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  • From Mobilization to Civil War: The Politics of Polarization in the Spanish City of Gijón, 1900–1937
  • Gary W. McDonogh
From Mobilization to Civil War: The Politics of Polarization in the Spanish City of Gijón, 1900–1937. By Pamela Beth Radcliff (New York: Cambridge University Press, 1996. xviii plus 354pp. $59.95).

In 1999, as Spaniards reflect on last century’s Generation of ‘98 and the cataclysmic changes that have followed, historians and citizens still face questions about the struggles that pitted many Spains against each other. Radcliff’s carefully structured analysis of place and process in Gijón illuminates the ways in which powerful upheavals took shape in smaller yet nonetheless important cities. Hence she allows us to re-explore the human choices and actions that led to fratricidal destruction.

Gijón provides an excellent vantage point as a smaller industrial city, developing later than Madrid and Barcelona, whose neighborhoods, personalities and events can be clarified by close readings in their economic, political and socio-cultural meanings. Yet Radcliff consistently underscores the knowledge and associations that linked both local working classes and elites to other areas of Spain. While Asturias took national stage most clearly under the Republic, we understand its conflicts within the framework of both national changes and local forces that pitted a “Gijón of lights” against smoke-darkened neighborhoods.

Radcliff begins with a complex presentation of the city around 1900, blending economic development with spacial transformation. Urban growth included elegant new central zones and the suburban periphery where industry and housing without infrastructure demarcated spacial and social polarization. Her maps [End Page 219] clearly guide the reader in understanding the fundamental places of urban confrontation which recur throughout the next three decades (although I lament the absence of photographs which would give more life and faces to urban promenades and slums). She adds a careful discussion of Restoration politics, identifying elite players in conflicts that follow as well as nascent organizations among industrial workers.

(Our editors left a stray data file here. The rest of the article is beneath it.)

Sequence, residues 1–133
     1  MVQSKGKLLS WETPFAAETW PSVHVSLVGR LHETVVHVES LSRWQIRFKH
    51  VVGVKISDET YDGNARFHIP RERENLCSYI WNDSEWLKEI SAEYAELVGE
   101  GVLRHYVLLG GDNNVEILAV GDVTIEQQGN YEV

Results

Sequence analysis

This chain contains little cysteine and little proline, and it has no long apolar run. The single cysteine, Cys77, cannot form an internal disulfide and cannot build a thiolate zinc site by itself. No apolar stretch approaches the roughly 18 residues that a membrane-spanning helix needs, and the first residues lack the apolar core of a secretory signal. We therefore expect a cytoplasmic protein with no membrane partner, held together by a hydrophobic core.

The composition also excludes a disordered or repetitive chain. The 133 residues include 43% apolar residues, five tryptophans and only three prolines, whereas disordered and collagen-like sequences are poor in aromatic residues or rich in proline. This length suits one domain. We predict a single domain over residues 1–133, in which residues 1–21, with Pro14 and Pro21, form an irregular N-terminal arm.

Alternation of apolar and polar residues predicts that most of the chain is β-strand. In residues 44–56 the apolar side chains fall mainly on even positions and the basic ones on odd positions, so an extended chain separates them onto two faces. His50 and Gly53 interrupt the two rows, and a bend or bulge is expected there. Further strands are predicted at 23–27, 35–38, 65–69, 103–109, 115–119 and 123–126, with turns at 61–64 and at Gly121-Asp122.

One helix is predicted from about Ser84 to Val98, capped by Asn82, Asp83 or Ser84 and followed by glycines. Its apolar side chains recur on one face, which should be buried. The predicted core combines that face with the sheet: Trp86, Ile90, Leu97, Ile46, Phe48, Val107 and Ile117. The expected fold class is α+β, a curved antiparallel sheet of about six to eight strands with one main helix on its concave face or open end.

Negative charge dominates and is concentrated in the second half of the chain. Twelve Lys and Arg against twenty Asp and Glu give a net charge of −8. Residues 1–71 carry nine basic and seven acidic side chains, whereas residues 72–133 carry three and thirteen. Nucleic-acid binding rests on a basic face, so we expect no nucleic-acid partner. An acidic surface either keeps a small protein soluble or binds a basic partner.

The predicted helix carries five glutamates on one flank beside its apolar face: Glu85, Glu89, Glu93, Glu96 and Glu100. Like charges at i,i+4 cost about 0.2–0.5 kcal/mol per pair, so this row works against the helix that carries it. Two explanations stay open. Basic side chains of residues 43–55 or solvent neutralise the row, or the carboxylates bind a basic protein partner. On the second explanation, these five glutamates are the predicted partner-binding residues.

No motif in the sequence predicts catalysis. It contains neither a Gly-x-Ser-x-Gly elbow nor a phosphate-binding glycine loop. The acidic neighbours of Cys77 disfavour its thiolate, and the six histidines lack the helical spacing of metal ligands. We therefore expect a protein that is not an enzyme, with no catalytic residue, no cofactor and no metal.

In her examination of the economics and demography of development, Radcliff carefully distinguishes the ideological constructions of social divisions from residence and mobility that complicated the city and its politics. Moreover, she carefully links demographic development to working class culture embodied in associations and neighborhoods through a stabilization of population and repetition of conflicts over time. Radcliff also underscores how different interests, especially those of women, related to the conflictive realms of republican, socialist and anarchist public discourse. Her use of periodical and archival sources here is extended by judicious reference to works in geography, social theory and anthropology that illuminate general and concrete issues of the formation of a public sphere. The juxtaposition of the domestic concerns and the polarized complexities of the Miss Gijón pageant with male-dominated activities of taverns, unionization and education, for example, allow us to understand how dramatic political events could still encompass only part of the population even on the eve of the Civil War.

In later sections, Radcliff examines processes evolving between 1900 and 1936, focussing on republican and worker institutions, oppositional culture, and conflicts. The first section provides a more traditional examination of urban political history, centered on the conflicts between Republican parties and anarchosyndicalist movements. Radcliff defines a continuing tension between opposition to a conservative central government (1900—1930), which brought together potential allies on the left, and the actual models of politics and government that divided them. From the elections of 1909, in which Republicans took over the city council, to paralyzing divisions during the Republic itself, the author cogently structures debates and parties while underscoring the continuing currents that separated forces of reform.

The next section recasts politics through oppositional culture. Radcliff’s definition of this elusive phenomenon includes the ideologies of different groups/political formations and the actions that nuanced them. Thus, Republican notions of a broader nation of citizens who might differ in class and values and the workers’ vision of a more just and egalitarian Spain were both challenged by events in the streets. It is striking, for example, to see their shared anti-clericalism underpinning one of the few areas in which any headway was made in reform. Meanwhile, patronal...

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